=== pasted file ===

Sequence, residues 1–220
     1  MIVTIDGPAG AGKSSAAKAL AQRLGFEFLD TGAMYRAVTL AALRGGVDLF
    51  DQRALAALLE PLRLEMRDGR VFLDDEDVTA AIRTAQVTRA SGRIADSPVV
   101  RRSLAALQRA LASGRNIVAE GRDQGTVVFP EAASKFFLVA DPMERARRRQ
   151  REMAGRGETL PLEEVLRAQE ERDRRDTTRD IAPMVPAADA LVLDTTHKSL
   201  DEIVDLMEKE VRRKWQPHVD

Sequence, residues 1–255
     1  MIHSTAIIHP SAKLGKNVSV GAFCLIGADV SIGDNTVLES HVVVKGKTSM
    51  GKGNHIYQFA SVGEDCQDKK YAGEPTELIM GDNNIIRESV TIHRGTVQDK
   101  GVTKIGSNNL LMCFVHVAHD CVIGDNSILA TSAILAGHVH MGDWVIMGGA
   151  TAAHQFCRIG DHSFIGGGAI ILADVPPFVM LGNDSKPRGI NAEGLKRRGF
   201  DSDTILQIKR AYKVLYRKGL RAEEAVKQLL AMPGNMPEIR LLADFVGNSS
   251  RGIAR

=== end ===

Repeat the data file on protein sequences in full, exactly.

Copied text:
Sequence, residues 1–220
     1  MIVTIDGPAG AGKSSAAKAL AQRLGFEFLD TGAMYRAVTL AALRGGVDLF
    51  DQRALAALLE PLRLEMRDGR VFLDDEDVTA AIRTAQVTRA SGRIADSPVV
   101  RRSLAALQRA LASGRNIVAE GRDQGTVVFP EAASKFFLVA DPMERARRRQ
   151  REMAGRGETL PLEEVLRAQE ERDRRDTTRD IAPMVPAADA LVLDTTHKSL
   201  DEIVDLMEKE VRRKWQPHVD

Sequence, residues 1–255
     1  MIHSTAIIHP SAKLGKNVSV GAFCLIGADV SIGDNTVLES HVVVKGKTSM
    51  GKGNHIYQFA SVGEDCQDKK YAGEPTELIM GDNNIIRESV TIHRGTVQDK
   101  GVTKIGSNNL LMCFVHVAHD CVIGDNSILA TSAILAGHVH MGDWVIMGGA
   151  TAAHQFCRIG DHSFIGGGAI ILADVPPFVM LGNDSKPRGI NAEGLKRRGF
   201  DSDTILQIKR AYKVLYRKGL RAEEAVKQLL AMPGNMPEIR LLADFVGNSS
   251  RGIAR